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flightcar12Want to save some money while your car sits at an airport parking lot?

You might get that chance starting this fall if you live in the Seattle area. FlightCar today announced that it is opening service in Seattle this fall, the company’s fourth market. It also announced $13.5 million in venture funding, including cash from GGV Capital, General Catalyst, Comcast Ventures, SoftBank Capital and First Round Capital. Celebs Ashton Kutcher and Ryan Seacrest also are backing the startup.

Total funding stands at $20 million for the company, which is led by two entrepreneurs who’ve barely held driver’s licenses for long: Rujul Zaparde (age 19) and Kevin Petrovic (age 20).

The company allows users to get free airport parking, even if their car is not rented during a trip. It is free to list a car for rent, with the service currently available at airports in Boston, L.A. and San Francisco.

Renters pay less than they do with traditional rental car companies, as little as $15 per day. Those under the age of 21 will be assessed an additional $25 per day fee. ($10 for those who are 21). Renters are limited to 100 miles of driving per day, and they can’t smoke in the cars, drive them outside of the country or participate in illegal activity. Liability coverage is included for each rental, and those with major driving violations in the past three years are prevented from renting.

flightcarfounders22Instead of attending Harvard and Princeton, the entrepreneurs decided to continue building FlightCar. The service launched 18 months ago, and now has more than 30,000 members in three locations.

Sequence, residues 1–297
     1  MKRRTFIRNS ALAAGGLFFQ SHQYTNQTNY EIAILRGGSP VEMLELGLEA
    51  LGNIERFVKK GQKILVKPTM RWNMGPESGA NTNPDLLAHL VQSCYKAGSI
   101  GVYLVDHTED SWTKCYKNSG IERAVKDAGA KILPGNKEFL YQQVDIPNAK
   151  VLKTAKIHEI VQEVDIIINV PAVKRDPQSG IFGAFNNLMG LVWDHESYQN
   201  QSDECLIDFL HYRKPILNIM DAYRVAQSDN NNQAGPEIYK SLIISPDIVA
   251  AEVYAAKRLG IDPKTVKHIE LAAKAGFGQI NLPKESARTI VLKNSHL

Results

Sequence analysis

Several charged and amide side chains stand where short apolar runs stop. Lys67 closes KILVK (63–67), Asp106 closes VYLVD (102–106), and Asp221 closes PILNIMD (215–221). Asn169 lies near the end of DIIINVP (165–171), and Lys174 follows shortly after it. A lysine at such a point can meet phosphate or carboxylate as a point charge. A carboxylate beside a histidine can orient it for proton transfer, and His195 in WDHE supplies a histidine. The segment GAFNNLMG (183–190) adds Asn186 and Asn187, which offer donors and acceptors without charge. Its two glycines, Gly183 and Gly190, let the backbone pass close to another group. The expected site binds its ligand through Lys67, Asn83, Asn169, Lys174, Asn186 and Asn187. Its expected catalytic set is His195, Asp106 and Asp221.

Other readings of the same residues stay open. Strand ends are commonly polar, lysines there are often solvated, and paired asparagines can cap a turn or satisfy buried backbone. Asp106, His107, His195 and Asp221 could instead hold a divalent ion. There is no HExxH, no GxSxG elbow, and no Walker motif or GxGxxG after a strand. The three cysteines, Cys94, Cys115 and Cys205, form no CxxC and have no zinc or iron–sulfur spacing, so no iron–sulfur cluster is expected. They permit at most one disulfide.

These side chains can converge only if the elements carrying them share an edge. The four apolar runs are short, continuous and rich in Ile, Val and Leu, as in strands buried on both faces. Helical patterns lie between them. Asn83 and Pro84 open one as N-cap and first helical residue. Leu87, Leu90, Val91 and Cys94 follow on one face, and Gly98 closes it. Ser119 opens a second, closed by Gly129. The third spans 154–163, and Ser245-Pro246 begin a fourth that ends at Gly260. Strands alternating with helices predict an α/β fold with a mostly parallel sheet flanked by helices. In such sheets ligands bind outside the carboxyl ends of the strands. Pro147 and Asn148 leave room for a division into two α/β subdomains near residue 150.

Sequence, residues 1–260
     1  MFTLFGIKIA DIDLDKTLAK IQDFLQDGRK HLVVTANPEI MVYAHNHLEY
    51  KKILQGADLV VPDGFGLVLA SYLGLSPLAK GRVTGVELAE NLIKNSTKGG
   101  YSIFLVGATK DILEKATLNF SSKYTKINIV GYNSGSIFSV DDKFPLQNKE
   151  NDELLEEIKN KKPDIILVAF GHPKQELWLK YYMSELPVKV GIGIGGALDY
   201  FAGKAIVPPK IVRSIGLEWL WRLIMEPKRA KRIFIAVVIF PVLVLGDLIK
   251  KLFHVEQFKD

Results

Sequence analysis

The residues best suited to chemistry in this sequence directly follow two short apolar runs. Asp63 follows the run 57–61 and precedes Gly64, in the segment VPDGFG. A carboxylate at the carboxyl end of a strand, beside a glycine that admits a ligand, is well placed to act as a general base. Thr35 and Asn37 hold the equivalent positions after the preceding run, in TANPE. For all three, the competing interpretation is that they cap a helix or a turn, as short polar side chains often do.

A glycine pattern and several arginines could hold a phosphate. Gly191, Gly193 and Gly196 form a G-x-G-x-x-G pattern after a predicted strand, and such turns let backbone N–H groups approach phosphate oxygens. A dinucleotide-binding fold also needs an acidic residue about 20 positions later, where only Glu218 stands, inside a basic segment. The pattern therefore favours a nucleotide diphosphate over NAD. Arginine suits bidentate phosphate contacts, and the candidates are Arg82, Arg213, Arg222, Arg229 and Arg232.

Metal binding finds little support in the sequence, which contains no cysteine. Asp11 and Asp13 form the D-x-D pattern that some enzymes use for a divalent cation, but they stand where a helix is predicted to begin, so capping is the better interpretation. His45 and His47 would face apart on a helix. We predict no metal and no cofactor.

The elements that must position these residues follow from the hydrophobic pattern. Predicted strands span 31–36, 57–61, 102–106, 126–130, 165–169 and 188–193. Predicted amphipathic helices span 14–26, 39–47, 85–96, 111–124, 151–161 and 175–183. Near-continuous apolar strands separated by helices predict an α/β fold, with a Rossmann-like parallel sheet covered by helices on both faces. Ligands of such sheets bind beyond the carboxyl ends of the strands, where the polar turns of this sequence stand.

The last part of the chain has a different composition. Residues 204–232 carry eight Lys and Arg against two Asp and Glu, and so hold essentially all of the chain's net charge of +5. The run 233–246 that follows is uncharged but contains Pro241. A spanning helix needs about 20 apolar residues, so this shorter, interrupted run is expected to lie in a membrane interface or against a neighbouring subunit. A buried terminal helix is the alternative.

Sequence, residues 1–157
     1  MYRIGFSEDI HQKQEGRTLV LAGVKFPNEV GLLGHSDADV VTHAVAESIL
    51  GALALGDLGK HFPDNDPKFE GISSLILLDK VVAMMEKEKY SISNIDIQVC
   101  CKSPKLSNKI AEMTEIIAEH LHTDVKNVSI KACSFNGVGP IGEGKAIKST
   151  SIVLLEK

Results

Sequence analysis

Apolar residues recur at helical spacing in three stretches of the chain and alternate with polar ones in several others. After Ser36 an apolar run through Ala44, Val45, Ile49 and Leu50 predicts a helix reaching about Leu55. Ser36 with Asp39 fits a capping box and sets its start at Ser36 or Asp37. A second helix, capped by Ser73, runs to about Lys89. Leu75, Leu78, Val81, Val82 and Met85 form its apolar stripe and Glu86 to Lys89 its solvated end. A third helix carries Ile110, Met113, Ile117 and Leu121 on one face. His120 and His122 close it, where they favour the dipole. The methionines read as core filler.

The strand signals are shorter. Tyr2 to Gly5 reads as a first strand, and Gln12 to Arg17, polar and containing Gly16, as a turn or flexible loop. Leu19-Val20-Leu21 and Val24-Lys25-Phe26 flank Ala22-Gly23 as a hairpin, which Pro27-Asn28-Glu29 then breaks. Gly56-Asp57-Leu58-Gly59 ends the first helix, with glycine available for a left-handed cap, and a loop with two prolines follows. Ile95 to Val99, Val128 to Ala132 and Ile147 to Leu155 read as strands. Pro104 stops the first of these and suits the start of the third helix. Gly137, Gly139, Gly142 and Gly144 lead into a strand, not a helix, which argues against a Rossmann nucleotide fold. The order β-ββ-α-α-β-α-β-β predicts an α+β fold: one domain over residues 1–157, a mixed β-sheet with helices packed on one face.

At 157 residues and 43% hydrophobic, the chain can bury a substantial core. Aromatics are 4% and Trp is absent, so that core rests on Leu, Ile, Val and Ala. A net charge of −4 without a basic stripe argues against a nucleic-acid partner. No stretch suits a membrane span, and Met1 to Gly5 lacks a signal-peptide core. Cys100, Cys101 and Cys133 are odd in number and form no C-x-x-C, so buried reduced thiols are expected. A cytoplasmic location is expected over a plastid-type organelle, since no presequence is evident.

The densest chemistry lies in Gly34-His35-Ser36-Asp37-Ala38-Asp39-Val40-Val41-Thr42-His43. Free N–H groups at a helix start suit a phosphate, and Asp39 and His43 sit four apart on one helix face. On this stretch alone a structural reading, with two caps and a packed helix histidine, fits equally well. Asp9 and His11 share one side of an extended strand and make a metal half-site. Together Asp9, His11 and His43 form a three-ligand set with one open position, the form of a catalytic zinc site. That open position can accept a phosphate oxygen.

“FlightCar has proven itself to be an innovative and bold addition to the sharing economy,” said FlightCar Co-Founder Zaparde. “We are disrupting the incumbent car rental industry, and we are building an increasingly sticky community marketplace for travelers exploring more suitable transportation options.”

We got wind of the company’s arrival back in March, with Zaparde telling us that “we hope Seattle helps lead the way in helping startups have the freedom to market new innovative sharing economy service models in the Pacific Northwest.” The company had been waiting until the city figured out its ridesharing regulations before committing to Seattle.

Editor’s note: The “sharing economy” will be one of the subjects of the GeekWire Summit, coming up on Oct. 2. Panelists include Sidecar CEO Sunil Paul; Couchsurfing CEO Jennifer Billock; Postmates CEO Bastian Lehmann and Rover CEO Aaron Easterly. Details and tickets here

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